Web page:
Is NHL in line to realign?

Detroit Red Wings' left wing Tomas Holmstrom (L) celebrates with teammate Nicklas Lidstrom after...

Detroit Red Wings' left wing Tomas Holmstrom (L) celebrates with teammate Nicklas Lidstrom after scoring a goal against the Calgary Flames during the first period of their NHL hockey game in Detroit, Michigan November 23, 2011. REUTERS/Rebecca Cook

ERIC FRANCIS, QMI Agency

, Last Updated: 9:19 AM ET

The stage is set for a showdown at the NHL board of governors’ meeting that could radically change the structure and schedule of the NHL.

The realignment battle lines will continue to be drawn right up until Tuesday’s vote when Commissioner Gary Bettman is hoping his four-division setup is approved over the simpler option of swapping Detroit to the east in exchange for Winnipeg and maintaining the current six-division format.

As Elliotte Friedman and I reported on the Hotstove on Hockey Night in Canada Saturday, the proposed four-division setup would be as follows:

1. Calgary, Vancouver, Edmonton, Los Angeles, San Jose, Anaheim, Colorado and Phoenix.

2. Winnipeg, Detroit, Chicago, St. Louis, Nashville, Columbus, Minnesota and Dallas

3. Toronto, Montreal, Ottawa, Boston, Buffalo, Tampa Bay and Florida.

4. Philadelphia, Pittsburgh, New York Rangers, New York Islanders, New Jersey, Washington and Carolina.

Top four teams in each division would open the playoffs against one another (top seed vs fourth seed and 2nd vs 3rd) to build division rivalries.

It’s a bold new direction and one many fans should applaud as it would include home and home games with every team in the league. No longer would fans have to wait two years to see some teams.

Twenty of the 30 votes are needed to pass either proposal, and the belief is that Bettman rarely puts anything to a vote in which he hasn’t already secured the outcome of.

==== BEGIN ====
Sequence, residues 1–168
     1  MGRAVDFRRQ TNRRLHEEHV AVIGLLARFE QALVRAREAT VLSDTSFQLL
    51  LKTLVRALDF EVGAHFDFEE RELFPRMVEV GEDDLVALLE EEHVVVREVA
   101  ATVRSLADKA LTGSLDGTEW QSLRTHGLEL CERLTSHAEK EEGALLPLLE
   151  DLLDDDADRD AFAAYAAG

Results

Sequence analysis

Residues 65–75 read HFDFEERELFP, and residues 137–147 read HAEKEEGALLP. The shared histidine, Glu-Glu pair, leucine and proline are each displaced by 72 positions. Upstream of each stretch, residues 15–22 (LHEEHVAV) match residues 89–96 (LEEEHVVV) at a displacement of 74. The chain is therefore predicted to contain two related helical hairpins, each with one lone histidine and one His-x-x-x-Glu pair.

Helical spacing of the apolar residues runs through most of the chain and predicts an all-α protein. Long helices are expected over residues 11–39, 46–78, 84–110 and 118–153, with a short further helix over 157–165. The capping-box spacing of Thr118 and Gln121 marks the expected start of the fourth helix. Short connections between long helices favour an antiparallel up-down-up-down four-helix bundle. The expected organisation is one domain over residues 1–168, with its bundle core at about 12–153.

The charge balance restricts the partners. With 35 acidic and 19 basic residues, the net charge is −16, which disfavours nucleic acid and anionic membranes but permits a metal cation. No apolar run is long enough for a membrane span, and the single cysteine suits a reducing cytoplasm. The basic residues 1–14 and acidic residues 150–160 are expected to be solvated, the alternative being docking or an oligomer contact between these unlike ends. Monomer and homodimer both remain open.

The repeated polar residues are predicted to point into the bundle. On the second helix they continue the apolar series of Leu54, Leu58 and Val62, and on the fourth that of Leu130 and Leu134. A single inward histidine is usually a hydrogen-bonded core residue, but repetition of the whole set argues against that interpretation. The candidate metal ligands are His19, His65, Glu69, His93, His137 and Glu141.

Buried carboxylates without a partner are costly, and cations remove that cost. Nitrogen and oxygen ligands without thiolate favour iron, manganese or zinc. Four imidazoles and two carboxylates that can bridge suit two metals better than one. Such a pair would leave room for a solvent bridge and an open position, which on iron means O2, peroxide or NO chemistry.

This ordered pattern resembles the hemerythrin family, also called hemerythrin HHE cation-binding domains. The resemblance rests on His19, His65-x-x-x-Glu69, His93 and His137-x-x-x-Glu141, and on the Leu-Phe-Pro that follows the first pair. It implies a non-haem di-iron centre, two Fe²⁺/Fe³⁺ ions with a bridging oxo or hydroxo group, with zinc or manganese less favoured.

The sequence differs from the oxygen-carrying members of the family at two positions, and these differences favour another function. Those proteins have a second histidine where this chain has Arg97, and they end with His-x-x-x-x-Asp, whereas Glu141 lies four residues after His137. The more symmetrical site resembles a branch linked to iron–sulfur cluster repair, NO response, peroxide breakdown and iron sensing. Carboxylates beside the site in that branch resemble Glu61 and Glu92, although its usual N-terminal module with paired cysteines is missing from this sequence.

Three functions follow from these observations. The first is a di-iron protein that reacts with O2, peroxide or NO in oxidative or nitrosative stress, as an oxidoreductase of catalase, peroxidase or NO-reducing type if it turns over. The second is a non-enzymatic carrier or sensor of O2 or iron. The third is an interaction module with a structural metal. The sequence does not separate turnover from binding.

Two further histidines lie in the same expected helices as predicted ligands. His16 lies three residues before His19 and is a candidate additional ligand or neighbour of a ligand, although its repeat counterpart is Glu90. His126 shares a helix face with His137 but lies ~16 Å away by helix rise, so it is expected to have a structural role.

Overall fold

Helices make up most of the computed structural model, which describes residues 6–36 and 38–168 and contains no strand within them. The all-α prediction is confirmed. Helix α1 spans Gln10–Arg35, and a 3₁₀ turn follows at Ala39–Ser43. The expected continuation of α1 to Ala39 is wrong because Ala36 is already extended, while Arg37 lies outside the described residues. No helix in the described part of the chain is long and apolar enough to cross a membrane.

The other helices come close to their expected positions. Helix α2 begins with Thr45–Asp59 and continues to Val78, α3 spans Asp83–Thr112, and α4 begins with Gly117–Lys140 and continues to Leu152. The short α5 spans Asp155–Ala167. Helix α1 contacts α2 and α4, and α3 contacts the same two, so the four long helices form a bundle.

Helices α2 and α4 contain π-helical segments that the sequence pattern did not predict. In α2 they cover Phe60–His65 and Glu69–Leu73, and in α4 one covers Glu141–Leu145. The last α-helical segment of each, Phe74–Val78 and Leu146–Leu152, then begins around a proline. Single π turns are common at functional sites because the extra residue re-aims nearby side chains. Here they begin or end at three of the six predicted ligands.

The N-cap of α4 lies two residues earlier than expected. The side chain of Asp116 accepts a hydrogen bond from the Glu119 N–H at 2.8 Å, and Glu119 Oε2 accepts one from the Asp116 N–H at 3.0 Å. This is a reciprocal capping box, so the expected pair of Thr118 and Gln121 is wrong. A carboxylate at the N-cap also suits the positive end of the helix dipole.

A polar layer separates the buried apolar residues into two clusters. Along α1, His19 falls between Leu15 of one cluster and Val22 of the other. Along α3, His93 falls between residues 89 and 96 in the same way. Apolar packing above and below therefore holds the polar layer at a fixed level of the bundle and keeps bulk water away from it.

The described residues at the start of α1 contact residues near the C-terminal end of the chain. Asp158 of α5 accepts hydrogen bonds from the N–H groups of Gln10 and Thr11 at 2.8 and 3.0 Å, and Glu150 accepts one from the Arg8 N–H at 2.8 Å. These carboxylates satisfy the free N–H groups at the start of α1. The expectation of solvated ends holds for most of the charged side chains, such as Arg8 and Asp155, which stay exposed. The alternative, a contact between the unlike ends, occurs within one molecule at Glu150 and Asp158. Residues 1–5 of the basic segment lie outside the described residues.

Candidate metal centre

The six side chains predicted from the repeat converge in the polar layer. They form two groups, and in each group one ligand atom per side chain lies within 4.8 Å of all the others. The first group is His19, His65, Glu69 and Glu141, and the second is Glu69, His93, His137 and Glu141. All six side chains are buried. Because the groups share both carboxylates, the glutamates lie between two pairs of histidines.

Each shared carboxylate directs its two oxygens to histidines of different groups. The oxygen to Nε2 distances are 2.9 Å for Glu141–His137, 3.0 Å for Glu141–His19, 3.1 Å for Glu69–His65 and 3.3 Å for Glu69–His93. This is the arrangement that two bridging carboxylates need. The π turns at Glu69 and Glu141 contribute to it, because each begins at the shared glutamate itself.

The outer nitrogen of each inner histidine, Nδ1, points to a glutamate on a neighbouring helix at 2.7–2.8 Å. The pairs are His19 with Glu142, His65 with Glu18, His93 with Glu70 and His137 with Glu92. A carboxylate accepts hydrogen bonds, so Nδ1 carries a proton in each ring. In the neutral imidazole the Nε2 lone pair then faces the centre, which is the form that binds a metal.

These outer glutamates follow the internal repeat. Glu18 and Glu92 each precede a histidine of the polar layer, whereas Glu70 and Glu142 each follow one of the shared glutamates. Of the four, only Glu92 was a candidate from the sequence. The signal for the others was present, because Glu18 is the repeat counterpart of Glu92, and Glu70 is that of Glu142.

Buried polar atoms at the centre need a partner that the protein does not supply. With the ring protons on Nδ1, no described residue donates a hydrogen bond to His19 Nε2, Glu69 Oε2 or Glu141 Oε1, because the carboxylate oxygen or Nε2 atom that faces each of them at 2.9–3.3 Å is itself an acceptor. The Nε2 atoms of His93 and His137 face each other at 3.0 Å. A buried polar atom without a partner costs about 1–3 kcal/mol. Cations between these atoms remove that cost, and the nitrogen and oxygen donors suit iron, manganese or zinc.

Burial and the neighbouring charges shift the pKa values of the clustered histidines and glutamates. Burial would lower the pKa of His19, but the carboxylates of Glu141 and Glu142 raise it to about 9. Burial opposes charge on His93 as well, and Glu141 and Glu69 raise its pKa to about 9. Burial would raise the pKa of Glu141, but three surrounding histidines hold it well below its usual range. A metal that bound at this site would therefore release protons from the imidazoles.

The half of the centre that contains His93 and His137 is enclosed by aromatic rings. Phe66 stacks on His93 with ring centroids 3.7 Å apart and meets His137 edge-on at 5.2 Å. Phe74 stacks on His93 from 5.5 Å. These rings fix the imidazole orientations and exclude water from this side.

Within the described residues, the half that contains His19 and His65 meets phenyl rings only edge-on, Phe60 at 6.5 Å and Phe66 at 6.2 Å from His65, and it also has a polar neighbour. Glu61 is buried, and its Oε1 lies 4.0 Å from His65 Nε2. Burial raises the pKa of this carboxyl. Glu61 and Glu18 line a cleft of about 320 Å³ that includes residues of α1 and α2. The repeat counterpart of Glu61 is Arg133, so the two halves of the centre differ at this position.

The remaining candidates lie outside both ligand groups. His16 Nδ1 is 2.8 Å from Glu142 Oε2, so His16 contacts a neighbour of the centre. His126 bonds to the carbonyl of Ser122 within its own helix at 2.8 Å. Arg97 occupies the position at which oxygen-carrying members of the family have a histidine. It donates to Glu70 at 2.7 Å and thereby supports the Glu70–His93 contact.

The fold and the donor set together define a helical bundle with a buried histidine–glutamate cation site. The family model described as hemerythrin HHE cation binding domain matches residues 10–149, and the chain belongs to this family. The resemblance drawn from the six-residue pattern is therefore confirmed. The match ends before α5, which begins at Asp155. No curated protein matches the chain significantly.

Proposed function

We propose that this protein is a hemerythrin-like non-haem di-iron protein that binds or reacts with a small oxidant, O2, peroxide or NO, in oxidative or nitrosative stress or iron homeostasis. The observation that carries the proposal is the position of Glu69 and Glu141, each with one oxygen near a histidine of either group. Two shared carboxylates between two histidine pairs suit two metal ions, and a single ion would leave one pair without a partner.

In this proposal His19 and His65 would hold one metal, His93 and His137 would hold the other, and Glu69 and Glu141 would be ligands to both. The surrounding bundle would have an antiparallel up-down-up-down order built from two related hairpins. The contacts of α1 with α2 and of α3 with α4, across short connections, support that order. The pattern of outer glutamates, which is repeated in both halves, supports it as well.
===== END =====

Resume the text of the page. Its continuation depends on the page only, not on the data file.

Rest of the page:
“I’ve never seen the league work harder — they are hounding owners on this,” one league executive said of the politicking preceding these meetings.

Teams in the west generally like the four-division idea as they feel it will level the playing field travel-wise with all the eastern teams required to visit each western outpost.

The opposing executive points out it will simply make the west teams’ travel schedule even more hectic, which could end up causing wear and tear on players and “bunching” in the schedule he feels will hurt the product.

The league is telling teams each club will have to endure roughly 5,000 more miles of travel annually to ensure every club plays in each city. However, the dissenting exec said that number will be more likely three or four times that amount.

He says it will cost each team an additional $500,000 to $1-million in travel costs, and he hates the fact some of the good divisional rivalries the league has built up over time will be lost.

Fact is, the best way to build rivalries is in the playoffs, and that will certainly be the case under the new format.

Many wonder how the inevitable move of the Coyotes will work into the re-alignment and the four division scenario answers that easily as a move to Quebec City would simply mean shifting the team into the seven-team Toronto/Montreal/Ottawa division.

The issue is so contentious, several team owners disagree with their GMs on which way their team should vote.

Ultimately, the decision rests with the 30 owners.

No matter which way it goes, time is of the essence, and a decision has to be made as the league needs to start working on next year’s schedule.

SENATE HEARINGS

Sheldon Kennedy has been asked to testify at upcoming US Senate Committee hearings examining how the U.S. can do a better job of protecting its children

There’s heightened sensitivity because of the Penn State and Syracuse sex abuse scandals, and only 18 states have laws requiring adults to report suspected child abuse.

Canada is one of the world leaders in child abuse prevention and education, thanks largely to Kennedy. The U.S. recognizes that and wants to tap into his knowledge.


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